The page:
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A person sits on a fence looking to the side annoyedly. On one side of the fence is a computer with a doctor talking though it, mail, and a phone call. On the other side is two doctors. Both sides are trying to get the person sitting on the fences attention. Nonbinary, LGBT, Healthcare, choices, annoyed, stressors

Are You on the Fence About Virtual or In-Person Appointments?

It seems like the older I get, the more doctors I have to see. Then again seems like the more years of dealing with psoriasis, the more doctors are needed to deal with the comorbidities that psoriasis can bring. Oftentimes, it feels like it is a never-ending cycle of doctors’ visits.

Each week I have to deal with seeing, on average, at least two doctors. I sometimes feel like I live in a doctor’s office. It is a never-ending cycle of seeing doctors so I can stay as healthy as possible.

If these last two years have brought any major changes, it is in the field of how we see a doctor. Virtual doctors have become a mainstay now. However, I am very much on the fence on the fence about it.

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In my many years of living with psoriasis, I have encountered all types of doctors. Some I thought were good, while others I thought were the worst. Maybe it comes from my history of getting medical care from a teaching hospital because I did not have insurance.

When I was first diagnosed with psoriasis, I lived in a very small town. The only doctors I could see were in a big city about 30 minutes away. As I would come to find out, those hospital visits were some of the worst. Because it was a teaching hospital, I had to deal with multiple interns coming in to see me.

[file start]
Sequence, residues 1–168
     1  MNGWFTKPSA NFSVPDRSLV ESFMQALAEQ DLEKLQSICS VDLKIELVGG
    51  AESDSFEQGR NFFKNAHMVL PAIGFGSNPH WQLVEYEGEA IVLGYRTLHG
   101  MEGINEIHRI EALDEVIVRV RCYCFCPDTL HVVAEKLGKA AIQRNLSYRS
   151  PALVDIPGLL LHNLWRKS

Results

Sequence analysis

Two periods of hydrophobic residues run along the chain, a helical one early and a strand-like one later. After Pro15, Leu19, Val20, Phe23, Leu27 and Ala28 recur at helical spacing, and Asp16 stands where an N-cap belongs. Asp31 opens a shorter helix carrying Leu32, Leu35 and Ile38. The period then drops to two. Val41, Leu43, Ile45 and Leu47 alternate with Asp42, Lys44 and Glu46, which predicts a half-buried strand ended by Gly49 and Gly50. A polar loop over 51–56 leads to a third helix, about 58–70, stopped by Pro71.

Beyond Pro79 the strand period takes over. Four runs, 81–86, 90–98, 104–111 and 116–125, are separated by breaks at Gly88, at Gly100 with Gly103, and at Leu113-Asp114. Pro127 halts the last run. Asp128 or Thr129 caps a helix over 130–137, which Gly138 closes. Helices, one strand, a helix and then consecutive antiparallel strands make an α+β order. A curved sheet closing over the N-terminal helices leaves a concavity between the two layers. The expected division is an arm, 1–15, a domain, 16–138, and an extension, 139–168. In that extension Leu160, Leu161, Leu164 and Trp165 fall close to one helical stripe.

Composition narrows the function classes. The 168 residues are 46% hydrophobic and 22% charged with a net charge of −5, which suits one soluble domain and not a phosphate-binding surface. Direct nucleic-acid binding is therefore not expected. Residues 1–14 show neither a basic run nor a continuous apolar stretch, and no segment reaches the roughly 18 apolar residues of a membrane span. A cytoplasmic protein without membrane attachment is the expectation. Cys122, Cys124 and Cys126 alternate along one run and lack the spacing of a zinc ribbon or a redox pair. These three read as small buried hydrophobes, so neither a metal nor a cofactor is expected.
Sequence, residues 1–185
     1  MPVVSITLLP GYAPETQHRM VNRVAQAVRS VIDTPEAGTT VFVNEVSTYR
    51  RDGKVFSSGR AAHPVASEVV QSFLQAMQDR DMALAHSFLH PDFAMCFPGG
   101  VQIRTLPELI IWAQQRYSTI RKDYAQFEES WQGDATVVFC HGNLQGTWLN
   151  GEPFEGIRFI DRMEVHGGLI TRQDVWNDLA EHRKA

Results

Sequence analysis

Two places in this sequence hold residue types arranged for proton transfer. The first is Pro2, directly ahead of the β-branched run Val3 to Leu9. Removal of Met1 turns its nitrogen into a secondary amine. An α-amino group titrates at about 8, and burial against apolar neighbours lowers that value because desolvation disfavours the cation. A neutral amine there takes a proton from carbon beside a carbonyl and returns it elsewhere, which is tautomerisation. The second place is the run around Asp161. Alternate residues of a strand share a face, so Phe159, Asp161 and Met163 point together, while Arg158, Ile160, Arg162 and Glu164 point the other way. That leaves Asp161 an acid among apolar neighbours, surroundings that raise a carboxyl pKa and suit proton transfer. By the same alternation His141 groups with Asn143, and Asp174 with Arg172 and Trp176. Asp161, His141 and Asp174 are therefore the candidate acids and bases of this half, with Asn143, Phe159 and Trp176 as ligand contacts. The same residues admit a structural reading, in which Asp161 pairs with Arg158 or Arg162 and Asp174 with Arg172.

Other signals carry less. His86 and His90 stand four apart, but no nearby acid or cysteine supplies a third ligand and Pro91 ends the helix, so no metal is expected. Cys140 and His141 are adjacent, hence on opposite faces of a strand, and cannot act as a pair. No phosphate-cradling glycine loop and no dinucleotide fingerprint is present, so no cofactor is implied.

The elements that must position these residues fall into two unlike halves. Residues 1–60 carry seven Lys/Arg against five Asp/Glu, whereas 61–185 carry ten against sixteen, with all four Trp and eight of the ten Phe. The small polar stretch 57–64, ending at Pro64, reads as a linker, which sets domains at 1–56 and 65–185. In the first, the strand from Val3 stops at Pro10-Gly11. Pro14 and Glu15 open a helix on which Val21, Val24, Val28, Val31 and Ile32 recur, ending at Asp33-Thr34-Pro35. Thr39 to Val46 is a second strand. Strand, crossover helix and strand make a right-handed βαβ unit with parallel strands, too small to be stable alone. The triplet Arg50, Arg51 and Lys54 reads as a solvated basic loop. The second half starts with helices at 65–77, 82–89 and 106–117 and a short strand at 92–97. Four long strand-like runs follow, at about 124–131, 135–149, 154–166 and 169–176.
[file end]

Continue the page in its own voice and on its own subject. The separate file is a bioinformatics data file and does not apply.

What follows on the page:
My Hesitation Now

All these years later, and because of state Medicaid I am back at the same teaching hospital because no private dermatologist or rheumatologist will accept it. I am never happy having to go there. While I understand interns need to be trained for becoming a doctor, I still feel as though I do not receive proper care.

I have a dear friend that has used a virtual doctor many times. She likes it because she doesn’t have to drive anywhere. I, however, have never used one still to this day. My active psoriasis is located mainly on my feet and ankles. I also have inverse psoriasis in private areas that I feel shouldn't be exposed to a camera.

I just don’t see how a doctor is supposed to look at that through a camera on a computer and fully see what is going on. While I do think some situations might be okay to see a virtual doctor, I just don’t think every situation is.

I already feel like I do not receive proper care. How is a virtual doctor supposed to make that better for me, especially if it is with the same clinic that I mentioned?

This article represents the opinions, thoughts, and experiences of the author; none of this content has been paid for by any advertiser. The team does not recommend or endorse any products or treatments discussed herein. Learn more about how we maintain editorial integrity here.

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